NEW DELHI — A couple of years ago, third-year students at a college in the state of West Bengal went on a hunger strike saying they were unprepared for semester exams because no classes had been held for six months.
These students were supposed to have 20 full-time professors. They had one. Administrators tried to recruit more faculty from other institutions but realized that many of those schools didn’t have enough professors to meet their own needs.
This problem isn't restricted to one institution. India’s universities are reeling, with some of them unable to fill as many as 50 percent of professorial positions, and the problem is about to get worse as a massive higher education expansion plan is underway.
Last December, in a bid to combat this problem, the government approved a hefty pay raise for the 500,000 academics who teach in the public university system. The increases, which average 70 percent, could end up nearly tripling some faculty members’ salaries and will be retroactive to Jan. 1, 2006. Professors will see minimum monthly salaries increase from 16,400 rupees ($344) to 37,400 rupees ($786).
“One of the critical factors affecting the quality of universities and institutions imparting higher education is our inability to attract and retain young and talented persons to the teaching profession,” D. Purandeswari, the junior minister in charge of higher education told parliament while announcing the salary hike. In the last decade, fewer and fewer college graduates have entered academia as India’s galloping economy created a variety of more lucrative job opportunities in fields such as the media, entertainment and travel.
Yet, without any workable plan to deal with faculty shortages Prime Minister Manmohan Singh — who publicly called India's higher-education system "dysfunctional" — has in the last couple of years announced the establishment of as many as 80 new universities, engineering schools, management schools and research institutes, along with more than 350 undergraduate colleges. Singh is no doubt concerned about the low rate of India’s 18- to 24-year-olds entering higher education — it currently stands at 9 to 11 percent, which is half the average for Asian countries.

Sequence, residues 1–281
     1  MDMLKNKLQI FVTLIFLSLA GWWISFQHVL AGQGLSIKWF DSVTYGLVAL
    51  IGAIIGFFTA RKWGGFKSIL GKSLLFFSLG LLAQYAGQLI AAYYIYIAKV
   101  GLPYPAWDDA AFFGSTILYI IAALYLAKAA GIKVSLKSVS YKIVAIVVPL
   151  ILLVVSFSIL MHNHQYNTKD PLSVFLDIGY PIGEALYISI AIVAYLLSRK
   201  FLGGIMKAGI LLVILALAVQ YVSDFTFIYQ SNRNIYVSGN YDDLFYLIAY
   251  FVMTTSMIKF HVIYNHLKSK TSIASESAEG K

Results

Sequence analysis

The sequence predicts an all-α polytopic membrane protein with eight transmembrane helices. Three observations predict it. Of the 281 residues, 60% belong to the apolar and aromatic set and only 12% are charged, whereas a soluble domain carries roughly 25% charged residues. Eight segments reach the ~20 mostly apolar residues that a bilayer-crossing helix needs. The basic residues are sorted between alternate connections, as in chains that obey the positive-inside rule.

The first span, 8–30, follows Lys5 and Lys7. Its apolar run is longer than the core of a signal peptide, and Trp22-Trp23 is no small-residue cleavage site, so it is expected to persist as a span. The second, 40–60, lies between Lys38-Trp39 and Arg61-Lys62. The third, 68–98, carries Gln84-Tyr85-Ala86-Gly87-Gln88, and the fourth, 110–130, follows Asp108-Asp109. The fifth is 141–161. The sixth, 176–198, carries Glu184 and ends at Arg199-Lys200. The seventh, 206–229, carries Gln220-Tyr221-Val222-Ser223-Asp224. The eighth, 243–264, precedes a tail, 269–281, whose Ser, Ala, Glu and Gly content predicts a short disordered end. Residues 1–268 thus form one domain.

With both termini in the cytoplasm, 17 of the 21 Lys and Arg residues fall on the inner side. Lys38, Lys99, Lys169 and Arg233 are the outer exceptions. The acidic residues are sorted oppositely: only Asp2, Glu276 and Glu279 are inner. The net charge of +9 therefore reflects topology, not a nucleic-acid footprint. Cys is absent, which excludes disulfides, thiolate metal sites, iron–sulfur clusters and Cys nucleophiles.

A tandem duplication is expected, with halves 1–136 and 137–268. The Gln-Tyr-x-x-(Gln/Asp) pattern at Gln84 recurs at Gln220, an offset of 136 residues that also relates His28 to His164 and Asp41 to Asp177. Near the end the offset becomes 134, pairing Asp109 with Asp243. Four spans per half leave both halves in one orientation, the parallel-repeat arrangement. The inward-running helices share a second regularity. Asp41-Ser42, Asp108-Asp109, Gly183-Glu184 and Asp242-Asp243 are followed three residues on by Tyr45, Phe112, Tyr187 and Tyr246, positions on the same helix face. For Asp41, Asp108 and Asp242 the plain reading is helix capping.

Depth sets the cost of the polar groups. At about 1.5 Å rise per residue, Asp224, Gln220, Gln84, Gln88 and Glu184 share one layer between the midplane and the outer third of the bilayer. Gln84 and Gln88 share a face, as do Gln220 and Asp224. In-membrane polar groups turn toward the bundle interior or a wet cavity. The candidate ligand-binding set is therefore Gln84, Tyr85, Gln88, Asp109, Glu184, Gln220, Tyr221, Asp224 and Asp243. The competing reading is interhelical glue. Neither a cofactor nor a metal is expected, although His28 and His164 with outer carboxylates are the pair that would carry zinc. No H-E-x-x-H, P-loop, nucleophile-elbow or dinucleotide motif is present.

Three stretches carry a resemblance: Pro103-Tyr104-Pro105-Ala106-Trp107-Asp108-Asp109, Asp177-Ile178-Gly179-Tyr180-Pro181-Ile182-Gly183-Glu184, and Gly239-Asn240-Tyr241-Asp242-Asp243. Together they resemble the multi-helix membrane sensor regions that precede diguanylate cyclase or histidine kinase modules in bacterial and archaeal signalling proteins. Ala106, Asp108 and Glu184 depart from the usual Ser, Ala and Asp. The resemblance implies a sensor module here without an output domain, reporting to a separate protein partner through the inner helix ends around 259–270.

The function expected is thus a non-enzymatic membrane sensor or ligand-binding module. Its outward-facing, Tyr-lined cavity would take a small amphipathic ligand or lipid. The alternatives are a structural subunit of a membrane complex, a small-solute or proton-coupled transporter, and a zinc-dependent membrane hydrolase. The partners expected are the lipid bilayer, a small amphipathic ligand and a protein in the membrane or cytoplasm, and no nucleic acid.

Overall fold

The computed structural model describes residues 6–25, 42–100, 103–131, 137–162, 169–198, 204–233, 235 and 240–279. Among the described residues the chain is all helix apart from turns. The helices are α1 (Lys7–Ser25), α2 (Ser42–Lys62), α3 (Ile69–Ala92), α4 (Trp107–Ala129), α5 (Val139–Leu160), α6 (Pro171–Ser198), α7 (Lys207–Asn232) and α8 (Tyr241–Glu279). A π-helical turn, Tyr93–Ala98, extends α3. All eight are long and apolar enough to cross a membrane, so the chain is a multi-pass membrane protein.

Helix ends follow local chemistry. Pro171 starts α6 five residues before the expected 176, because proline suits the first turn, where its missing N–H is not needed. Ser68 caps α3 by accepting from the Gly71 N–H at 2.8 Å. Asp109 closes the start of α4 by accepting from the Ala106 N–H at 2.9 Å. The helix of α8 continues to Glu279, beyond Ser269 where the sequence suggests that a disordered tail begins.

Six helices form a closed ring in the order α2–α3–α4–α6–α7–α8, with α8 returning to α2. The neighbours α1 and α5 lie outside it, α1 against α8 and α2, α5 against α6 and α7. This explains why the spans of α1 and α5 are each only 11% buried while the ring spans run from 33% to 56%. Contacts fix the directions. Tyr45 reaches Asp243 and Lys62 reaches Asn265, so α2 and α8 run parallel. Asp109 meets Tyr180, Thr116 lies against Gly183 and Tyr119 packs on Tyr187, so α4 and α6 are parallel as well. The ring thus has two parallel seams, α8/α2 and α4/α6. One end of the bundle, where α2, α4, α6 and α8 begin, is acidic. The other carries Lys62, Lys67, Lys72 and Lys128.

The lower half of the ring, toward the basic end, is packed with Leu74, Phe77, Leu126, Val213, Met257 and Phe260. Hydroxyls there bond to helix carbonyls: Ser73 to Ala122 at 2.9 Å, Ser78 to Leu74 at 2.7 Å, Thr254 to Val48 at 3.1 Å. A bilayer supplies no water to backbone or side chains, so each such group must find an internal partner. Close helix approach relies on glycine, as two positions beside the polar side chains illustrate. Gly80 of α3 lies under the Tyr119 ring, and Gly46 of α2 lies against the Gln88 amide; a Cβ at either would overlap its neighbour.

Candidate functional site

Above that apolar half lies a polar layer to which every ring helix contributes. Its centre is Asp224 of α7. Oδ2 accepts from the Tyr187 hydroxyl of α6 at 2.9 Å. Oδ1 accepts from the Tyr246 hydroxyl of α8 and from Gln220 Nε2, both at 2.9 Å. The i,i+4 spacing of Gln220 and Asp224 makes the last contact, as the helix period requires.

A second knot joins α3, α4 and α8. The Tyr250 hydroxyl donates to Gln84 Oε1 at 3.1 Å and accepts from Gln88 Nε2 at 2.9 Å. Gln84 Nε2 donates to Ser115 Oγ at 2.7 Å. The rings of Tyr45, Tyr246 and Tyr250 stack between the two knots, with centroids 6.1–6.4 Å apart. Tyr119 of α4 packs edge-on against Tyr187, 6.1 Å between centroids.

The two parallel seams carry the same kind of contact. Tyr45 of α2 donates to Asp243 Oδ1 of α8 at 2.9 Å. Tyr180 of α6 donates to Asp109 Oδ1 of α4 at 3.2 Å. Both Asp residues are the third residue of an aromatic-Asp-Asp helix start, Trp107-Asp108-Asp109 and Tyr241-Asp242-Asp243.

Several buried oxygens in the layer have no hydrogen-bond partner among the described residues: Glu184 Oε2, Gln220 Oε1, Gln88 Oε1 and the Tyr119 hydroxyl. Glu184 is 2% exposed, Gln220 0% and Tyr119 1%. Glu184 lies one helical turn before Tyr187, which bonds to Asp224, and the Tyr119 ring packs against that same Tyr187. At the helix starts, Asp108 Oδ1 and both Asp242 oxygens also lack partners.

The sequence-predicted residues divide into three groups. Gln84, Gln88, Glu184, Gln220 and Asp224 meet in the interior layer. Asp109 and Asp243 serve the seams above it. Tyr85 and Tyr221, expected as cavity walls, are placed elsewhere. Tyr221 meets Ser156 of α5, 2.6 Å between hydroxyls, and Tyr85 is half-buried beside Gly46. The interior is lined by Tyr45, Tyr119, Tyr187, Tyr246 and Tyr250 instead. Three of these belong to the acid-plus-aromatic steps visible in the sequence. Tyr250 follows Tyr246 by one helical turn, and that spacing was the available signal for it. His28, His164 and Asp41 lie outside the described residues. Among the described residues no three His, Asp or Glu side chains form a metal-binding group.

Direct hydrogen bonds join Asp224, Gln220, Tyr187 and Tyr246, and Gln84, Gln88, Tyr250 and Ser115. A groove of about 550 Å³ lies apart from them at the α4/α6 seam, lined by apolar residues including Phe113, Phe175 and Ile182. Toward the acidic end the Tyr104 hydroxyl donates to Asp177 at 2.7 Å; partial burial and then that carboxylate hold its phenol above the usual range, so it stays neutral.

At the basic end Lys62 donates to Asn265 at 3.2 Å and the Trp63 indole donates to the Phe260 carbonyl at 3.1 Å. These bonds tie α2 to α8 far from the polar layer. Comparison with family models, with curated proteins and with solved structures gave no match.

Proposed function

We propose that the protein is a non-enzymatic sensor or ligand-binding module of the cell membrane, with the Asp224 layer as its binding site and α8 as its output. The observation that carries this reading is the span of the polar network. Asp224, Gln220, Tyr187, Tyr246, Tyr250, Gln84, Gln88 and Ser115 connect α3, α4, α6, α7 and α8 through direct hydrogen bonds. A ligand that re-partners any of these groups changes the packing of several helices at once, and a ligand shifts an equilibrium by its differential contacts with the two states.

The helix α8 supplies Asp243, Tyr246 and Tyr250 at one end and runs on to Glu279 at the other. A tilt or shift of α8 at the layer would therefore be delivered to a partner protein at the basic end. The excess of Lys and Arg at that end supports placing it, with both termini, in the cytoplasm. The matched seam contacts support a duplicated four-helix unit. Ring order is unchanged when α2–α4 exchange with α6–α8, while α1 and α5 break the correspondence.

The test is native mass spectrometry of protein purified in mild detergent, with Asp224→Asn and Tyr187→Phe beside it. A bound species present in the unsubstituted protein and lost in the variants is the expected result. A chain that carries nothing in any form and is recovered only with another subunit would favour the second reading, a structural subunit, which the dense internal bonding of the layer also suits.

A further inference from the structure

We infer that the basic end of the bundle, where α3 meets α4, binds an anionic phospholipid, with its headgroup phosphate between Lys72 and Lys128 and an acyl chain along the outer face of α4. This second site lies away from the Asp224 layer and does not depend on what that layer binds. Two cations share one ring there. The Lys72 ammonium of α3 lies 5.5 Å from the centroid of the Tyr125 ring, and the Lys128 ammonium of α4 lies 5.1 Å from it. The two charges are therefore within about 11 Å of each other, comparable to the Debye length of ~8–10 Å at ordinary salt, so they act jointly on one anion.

Academics say it will be a challenge to staff these new institutions given the current level of faculty shortages in existing institutions. “The house of higher education is not in good shape, at the moment,” a recent report by the University Grants Commission, the country’s university regulator, says.
The Commission is putting it mildly. The faculty shortage has increased professors' teaching loads, making it difficult for them to keep up with their research. A decline in research has, in turn, made academic careers, even at the top universities, increasingly unappealing. As a result, many universities are settling for poorly trained professors. A recent government report found that 57 percent of teachers in India's colleges lack either an M.Phil., the bridge degree in India to a doctorate, or a Ph.D.
Despite the recent economic downturn and the faculty hike, private sector salaries are still higher than professors' salaries and research opportunities at multinational corporations that have set up research labs here are luring away more and more of the country’s top graduates. Even today, a top professor at the premier Indian Institutes of Technology (IIT) cannot earn more than a maximum salary — not including perks – of $15,000 a year, while an engineering graduate can make at least twice as much as that in just a few years of joining a company in the private sector. Apart from the salary hike, the only moves the government has made so far to ease the shortage has been to raise the retirement age for faculty members and allow some of the elite institutes to recruit foreign professors. But given that many Indians interested in academic careers tend to leave the country for better-paying jobs, it is unclear that this latter plan will be much help.
The University Grants Commission, India's higher-education regulator, has recently proposed increasing fellowship grants for doctoral students to deal with the faculty shortage. The IITs have allowed professors to keep a slightly higher percentage of the fees they charge as corporate consultants. In addition, various corporations and alumni have stepped in to create special chairs at the IITs to foster research and make academia a more exciting option for its graduates.
But the IITs are unusual in this regard: Federal and state universities face cuts in their grants if they raise funds on their own. “If I raise money from industry and alumni, say, 100,000 rupees," said Deepak Pental, vice chancellor of the University of Delhi, the government "will cut some amount from my university's grant-in-aid." This issue, he said, points back to the larger bureaucratic problems holding back India's universities: "We are not so destitute of money. A lot of times it is our own inertia."